Sunday, 30 July 2017

Reek Sunday


This is Croagh Patrick, Ireland's holiest mountain. The mountain is known locally as "Reek". The word "reek" comes from  Proto-Germanic "*hraukaz" which means "sheaf, stack of corn, pile of grain, mountain". 

Today is Reek Sunday. Reek Sunday is the name for the last Sunday in July. The reason why the last Sunday in July is called "Reek Sunday" is because on this day, every year, pilgrims climb Reek (Croagh Patrick). 

Interestingly, around the Reek (Irish: Cruach which also means sheaf, stack of corn, pile of grain, mountain), people call Reek Sunday "Domhnach Crom Dubh" which means "Crom Dubh's Sunday". Crom Dubh was the old Irish Solar and Agricultural deity which was "defeated" by St Patrick. And even more interestingly, it is believed that Crom Dubh could have been another name for yet another old Irish deity: Crom Cruach...

I wrote about Crom Dubh in the article "How old is Crom Dubh" and in many other posts.

Now "Croagh Patrick" comes from the Irish "Cruach Phádraig" meaning "Patrick's stack (of corn), Patrick's mountain". 

I wander if Crom Cruach was not another name for Crom Dubh, but if instead it was the old Irish name for the holy mountain dedicated to Crom Dubh. In which case Crom Cruach would mean "Crom's stack (of corn), Crom's mountain", "Crom Dubh's stack (of corn), Crom Dubh's mountain". 

This would explain why, after Patrick defeated Crom Dubh, Crom's Stack, Crom's Mountain (Crom Cruach) was renamed into Cruach Phádraig...

Before you say that if Crom Cruach really meant Crom's Stack, Crom's Mountain, it would have had to be written Cruach Crom. This is because the Irish grammar says that when making compound words, you should always put adjectives after nouns. However there are lots of place names in Ireland that do not confirm to this rule. Place names such as Dubh Linn ("black pool" = Dublin) and Leixlip ("salmon leap") for instance. These place names were attributed to the Norse settlers who learned Irish had trouble with putting adjectives after nouns, so they often put them before the noun. This is exactly what happens when you force the new language on subjected population. They pick up the words but keep their own grammar. But this "incorrect" use of Irish grammar is present in all old Irish texts, which shows that it predates the Norse arrival to Ireland. For instance Táin Bó Cúailnge, is filled with epithets like finnbennach "white-horned", dóeltenga "beetle-tongued", echbél "horse-lipped", rúadruca "red-blushing", and the like.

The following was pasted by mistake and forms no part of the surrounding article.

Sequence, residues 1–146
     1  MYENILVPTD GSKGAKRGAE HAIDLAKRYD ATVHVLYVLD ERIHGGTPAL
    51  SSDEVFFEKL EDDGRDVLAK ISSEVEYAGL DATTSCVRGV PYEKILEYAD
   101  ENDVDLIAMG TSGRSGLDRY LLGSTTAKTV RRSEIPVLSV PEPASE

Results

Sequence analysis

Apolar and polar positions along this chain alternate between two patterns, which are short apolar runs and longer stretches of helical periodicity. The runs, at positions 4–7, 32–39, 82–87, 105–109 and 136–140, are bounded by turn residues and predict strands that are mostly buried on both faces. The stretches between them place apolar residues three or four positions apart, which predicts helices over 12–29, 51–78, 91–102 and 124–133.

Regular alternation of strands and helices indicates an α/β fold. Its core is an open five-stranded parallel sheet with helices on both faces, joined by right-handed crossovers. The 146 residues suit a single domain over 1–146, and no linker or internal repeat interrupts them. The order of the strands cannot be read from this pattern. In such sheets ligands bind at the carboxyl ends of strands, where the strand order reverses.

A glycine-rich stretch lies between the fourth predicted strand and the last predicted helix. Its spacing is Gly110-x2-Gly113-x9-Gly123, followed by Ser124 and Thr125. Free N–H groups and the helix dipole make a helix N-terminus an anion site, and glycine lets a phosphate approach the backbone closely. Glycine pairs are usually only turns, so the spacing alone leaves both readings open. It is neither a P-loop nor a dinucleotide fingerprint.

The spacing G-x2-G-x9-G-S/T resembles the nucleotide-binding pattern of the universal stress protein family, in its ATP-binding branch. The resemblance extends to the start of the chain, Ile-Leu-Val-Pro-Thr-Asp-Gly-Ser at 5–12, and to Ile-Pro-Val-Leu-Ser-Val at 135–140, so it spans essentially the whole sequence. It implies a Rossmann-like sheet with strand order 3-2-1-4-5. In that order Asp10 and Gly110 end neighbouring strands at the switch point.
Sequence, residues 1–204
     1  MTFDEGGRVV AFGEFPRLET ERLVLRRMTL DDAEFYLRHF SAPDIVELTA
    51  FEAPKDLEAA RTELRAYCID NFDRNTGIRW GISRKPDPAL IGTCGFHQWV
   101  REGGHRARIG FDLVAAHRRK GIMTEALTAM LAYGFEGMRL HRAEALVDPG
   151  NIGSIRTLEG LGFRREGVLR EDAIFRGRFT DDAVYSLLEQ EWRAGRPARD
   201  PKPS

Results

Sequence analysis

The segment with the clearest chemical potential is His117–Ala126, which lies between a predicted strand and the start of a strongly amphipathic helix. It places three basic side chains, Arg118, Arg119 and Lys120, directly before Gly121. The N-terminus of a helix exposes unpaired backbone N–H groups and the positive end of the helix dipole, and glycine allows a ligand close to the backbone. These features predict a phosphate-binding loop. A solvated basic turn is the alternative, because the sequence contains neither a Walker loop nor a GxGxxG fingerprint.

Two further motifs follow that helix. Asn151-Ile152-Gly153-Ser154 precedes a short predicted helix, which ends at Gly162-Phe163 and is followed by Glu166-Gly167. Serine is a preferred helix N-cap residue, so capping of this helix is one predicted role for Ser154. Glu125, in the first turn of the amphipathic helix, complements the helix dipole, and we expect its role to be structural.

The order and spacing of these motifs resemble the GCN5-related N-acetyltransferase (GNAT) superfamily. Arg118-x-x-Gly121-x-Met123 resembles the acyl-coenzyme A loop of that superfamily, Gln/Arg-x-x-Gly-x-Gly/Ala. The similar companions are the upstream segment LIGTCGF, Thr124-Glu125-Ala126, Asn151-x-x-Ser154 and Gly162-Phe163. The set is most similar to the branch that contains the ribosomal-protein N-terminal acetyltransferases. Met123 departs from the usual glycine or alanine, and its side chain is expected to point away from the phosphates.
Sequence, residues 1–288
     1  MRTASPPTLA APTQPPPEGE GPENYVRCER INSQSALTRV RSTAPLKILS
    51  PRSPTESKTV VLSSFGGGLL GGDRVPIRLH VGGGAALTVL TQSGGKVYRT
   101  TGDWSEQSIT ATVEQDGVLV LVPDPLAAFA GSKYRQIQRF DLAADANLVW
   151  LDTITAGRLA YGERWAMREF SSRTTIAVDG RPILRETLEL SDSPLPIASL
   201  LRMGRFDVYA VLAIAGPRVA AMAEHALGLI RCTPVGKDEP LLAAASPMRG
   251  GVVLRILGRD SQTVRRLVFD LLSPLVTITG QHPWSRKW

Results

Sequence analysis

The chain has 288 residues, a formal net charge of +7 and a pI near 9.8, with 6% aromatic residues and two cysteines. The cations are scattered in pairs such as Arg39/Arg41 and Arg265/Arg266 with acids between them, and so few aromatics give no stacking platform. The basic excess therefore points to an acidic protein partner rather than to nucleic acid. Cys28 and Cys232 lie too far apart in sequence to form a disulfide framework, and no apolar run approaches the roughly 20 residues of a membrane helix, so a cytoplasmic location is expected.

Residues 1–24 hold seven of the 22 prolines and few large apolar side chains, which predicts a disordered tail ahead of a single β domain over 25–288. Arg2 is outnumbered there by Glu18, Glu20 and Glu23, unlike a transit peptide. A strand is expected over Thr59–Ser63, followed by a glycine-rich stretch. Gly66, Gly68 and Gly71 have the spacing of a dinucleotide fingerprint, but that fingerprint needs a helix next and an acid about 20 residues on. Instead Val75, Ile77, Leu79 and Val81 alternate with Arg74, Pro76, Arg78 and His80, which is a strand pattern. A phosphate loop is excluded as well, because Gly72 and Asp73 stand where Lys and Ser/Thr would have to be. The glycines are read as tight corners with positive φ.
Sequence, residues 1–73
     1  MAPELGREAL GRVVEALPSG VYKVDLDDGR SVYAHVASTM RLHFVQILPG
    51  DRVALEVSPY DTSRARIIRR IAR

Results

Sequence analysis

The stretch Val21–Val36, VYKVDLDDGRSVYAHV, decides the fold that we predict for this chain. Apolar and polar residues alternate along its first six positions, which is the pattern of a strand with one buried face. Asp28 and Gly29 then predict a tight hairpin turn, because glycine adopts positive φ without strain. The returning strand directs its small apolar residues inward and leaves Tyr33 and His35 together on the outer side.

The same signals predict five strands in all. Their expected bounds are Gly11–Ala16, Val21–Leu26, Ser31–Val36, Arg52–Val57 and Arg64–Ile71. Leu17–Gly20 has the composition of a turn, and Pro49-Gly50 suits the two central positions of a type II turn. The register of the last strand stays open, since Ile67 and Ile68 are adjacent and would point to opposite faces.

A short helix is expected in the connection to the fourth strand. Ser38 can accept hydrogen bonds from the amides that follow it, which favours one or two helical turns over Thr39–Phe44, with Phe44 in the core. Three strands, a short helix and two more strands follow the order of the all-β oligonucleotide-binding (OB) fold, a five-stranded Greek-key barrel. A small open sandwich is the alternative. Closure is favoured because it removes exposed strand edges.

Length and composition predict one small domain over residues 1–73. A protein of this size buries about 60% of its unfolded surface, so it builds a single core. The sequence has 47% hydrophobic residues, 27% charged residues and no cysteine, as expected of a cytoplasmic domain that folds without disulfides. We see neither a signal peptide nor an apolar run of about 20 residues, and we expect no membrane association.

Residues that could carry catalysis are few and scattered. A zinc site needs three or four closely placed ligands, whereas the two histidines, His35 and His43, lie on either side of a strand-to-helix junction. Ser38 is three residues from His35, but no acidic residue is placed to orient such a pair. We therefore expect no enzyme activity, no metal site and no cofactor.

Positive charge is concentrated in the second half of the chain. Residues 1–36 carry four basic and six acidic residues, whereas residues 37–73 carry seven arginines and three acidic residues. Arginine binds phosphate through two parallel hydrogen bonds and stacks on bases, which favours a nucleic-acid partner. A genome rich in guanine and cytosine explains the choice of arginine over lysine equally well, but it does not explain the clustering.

Funnily enough most toponymes and hydronymes of Celtic origin in central Europe follow this "incorrect grammar" and have adjective before the noun.

Here is an example:

Gaelic word for “big” is Mór. (Pronounced as the English word more)
Gaelic word for “river” is Abhainn . (Pronounced “awon” similar to the English word award). Proto celtic word is awa. 

In central Europe there are numerous rivers called Morava.

Morava = mor + ava = Mór Abhainn = Mor Awa= big river 

Morava is the biggest river in Serbia and also in Czech republic, territories which were considered Celtic heartland. These rivers gave the name to the territory upper and lower Moravia. 

In Ireland there is a river named the Avonmore River (Irish: Abhainn Mhor, meaning "big river") which is the same as Mor Ava just using Gaelic grammar.

So it is quite possible that Crom Cruach really meant "Crom's Stack (of corn), Crom's Mountan".

What do you think? 

2 comments:

  1. What if self Gaelic is "incorrect grammar". What if central european celtic original language had "standard grammar" as surrounding languages (proto slavic, proto germanic,..) and reverse grammar occured when celts came into some non-IE neolitic Britain?
    With regards
    Martin from Czech Republic
    Nazdar slovane :-)

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  2. Mori-davi(moze I tako) I to rade velike reke...

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